Nicholas Bernhard: Sacred Heart: Feeling vandalized as well
About 20 years ago, I attended Bridge School next door to Sacred Heart Catholic Church. Bridge School was small enough that we had to walk over to Sacred Heart’s gymnasium for PE class. The main building was originally a convent, for the same order of nuns dramatized in the movie Lillies of the Field. There is a quiet beauty to the land around there: the open fields beneath the Front Range, and a little grove of trees, which held a pond where geese would brood over their eggs. I have visited the chapel at Sacred Heart twice. When services are not being held, the chapel is filled with a rich silence, and seems to invite calm reflection. When Sacred Heart was vandalized, it felt like a small part of my own past had been vandalized, too.
I am a strong secularist, which for me includes a respect for other people’s rights to religious belief, and a respect for other people’s property. More importantly, secularism means being firmly opposed to desecration, which was the obvious intention of the Sacred Heart vandals. The vandals defaced someone else’s property, knowing that those who held it as sacred would feel violated, and this must be condemned without equivocation.
In a secular society, we can learn from and share in each other’s heritage and traditions. I can admire the complexities of a Passover feast without being Jewish, and I can find solace in the ritual of lighting a candle for a deceased relative without being Catholic. This is what “culture” means. It is what I will be fighting for, as I fight against those who would affect change through desecration and intimidation.
Jim Wolf: Mark Wallach: He earned my vote
The first time he ran, Mark Wallach won a seat on the Boulder City Council , and he did it without my vote. Now as I consider his intelligent and independent voice on the Council, I am endorsing him for another term, and I do so with enthusiasm. Mark is a known and steady voice, one that all his colleagues on the Council recognize with their support of his candidacy. Please consider voting for Mark Wallach when you fill out your ballot; you will be doing it for Boulder.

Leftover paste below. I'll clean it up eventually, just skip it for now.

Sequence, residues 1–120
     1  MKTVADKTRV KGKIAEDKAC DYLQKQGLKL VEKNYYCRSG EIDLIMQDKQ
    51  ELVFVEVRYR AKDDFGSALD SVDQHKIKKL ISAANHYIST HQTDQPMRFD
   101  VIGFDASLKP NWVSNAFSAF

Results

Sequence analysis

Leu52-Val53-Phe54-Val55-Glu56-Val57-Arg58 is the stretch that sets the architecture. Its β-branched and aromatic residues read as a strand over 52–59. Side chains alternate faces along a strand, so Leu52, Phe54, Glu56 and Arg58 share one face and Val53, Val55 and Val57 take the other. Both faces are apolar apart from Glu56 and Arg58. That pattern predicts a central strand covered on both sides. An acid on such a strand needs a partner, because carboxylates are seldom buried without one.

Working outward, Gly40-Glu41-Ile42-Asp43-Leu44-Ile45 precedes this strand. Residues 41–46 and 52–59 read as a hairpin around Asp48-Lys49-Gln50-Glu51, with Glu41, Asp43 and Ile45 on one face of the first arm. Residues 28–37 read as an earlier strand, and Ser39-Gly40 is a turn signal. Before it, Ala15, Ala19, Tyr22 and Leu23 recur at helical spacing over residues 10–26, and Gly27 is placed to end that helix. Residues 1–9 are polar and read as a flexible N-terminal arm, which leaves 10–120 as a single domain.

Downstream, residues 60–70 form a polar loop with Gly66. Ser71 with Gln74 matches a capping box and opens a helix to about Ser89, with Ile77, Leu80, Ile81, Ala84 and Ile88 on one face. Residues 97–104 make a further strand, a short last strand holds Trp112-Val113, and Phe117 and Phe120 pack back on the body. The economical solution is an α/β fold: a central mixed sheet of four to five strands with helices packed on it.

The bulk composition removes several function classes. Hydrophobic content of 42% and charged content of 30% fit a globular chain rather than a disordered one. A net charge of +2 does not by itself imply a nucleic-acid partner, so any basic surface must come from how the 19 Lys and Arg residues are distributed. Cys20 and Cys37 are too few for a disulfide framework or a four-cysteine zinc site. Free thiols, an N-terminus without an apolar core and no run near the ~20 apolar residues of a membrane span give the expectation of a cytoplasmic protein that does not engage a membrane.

Julie Schoenfeld: Nicole Speer: A vote for diversity
I was perplexed by the omission of Dr. Nicole Speer in the Daily Camera’s endorsements for City Council. Dr. Speer walks the talk in her desire to create a more diverse and inclusive Boulder, the kind of city where I want to live. I was a member of the City’s Racial Equity Working Group, and am confident Dr. Speer will implement the strategies laid out in the City’s Racial Equity Plan passed unanimously by the current Council.
As the Director of CU’s Intermountain Neuroimaging Consortium, Dr. Speer created programs where CU students from underrepresented backgrounds taught neuroscience to thousands of K-12 students and teachers in Boulder and beyond. She’s also involved with outreach to the unhoused and the NAACP’s Education Committee.
I was confused when I read the Camera’s endorsements. They expressed disappointment in not seeing more “active and engaged residents who are bright and experienced in community service.” Yet the paper overlooked Dr. Speer who has a terminal graduate degree and has volunteered in our community for the past 16 years.
More than words are needed to create a diverse and inclusive community. For that reason and others, I urge each registered voter to join me in supporting Nicole Speer for Council.
Jeffrey Flynn: Steve Rosenblum: Extensive experience in housing
I urge everyone to go to Steve’s website at www.steveforboulder.com/ and click on the “about” tab and the “issues” tab to see what he is about. Housing is a very complex issue and requires more than doing away with single family zoning, as some of the Boulder Progressive candidates seem to want to do. We need someone who has extensive experience in this area to begin to solve our housing problems. Steve has that experience. He isn’t someone who just spouts platitudes but has done the work in housing over many years. He has literally created affordable housing in Denver for those in need.
He knows how to work at all levels; local, state and federal, to get the money and governmental approvals required to get housing built. Other candidates like to talk about how they are going to solve the housing crisis in Boulder but they literally have no experience in doing so. And because of that, they won’t be able to take actual steps that leads to more housing for our workers and government employees, like our police and firefighters. Steve has that experience. And that’s why Boulder needs him on Council.
We need someone who can step in from day one and get the process moving, not someone who will take two years to even understand the complexities of this difficult area. I urge you to vote for Steve. Along with Mark Wallach, that will give us two experts on housing on City Council to solve Boulder’s most pressing issue. He may be the most important Council vote you can make this year. He literally is the housing candidate in this year’s City Council election.